Tune-Yards, Electric Brixton - gig review

Merrill Garbus unveils a strikingly adult vocal

Click to follow

“Last time we were on stage, there was no one in the audience.” Thus Merrill Garbus explains her profuse thanks to a frankly ecstatic bunch of followers crammed into the first of two club dates that provide respite from the vagaries of the festival circuit.

Shame, really, for as Tune-Yards, Garbus's combination of ceremonial rhythms, choral vocals and reggae basslines provides an infectious, kaleidoscopic sound to turn the most po-faced witnesses into fervent acolytes.

With third album Nikki Nack, the solo artist has moved from DIY indie to leftfield art-pop, somewhere between Arcade Fire communalism (both draw inspiration from Haiti) and St Vincent's stylish angularity (this New England former puppeteer retains a theatrical bent).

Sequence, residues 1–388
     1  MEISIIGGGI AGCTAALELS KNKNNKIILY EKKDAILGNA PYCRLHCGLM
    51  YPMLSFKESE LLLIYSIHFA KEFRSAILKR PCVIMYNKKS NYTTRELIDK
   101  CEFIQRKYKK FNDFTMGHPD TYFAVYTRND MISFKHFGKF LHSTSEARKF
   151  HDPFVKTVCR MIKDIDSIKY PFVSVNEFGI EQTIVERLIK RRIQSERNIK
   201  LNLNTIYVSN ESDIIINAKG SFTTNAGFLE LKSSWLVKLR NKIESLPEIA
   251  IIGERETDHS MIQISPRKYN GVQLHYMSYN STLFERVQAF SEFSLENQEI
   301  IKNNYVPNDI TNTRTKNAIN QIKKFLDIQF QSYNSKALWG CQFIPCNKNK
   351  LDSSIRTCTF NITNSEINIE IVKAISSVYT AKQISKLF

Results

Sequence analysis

The childlike Garbus, though, grins joyously, shining just as much as her shimmering garb.

Yet with eco-fable 'Water Fountain', she reminds us of the darkness in children's tales, its playground chant a highlight along with the more soulful 'Real Thing', when after showcasing her capacity for wails and ululations, Garbus unveils a strikingly adult vocal.

The multi-instrumentalist thrills us by looping vocals and percussion or strumming her ukulele, though it is when Garbus's four bandmates take some of the load that she really shines.

Comments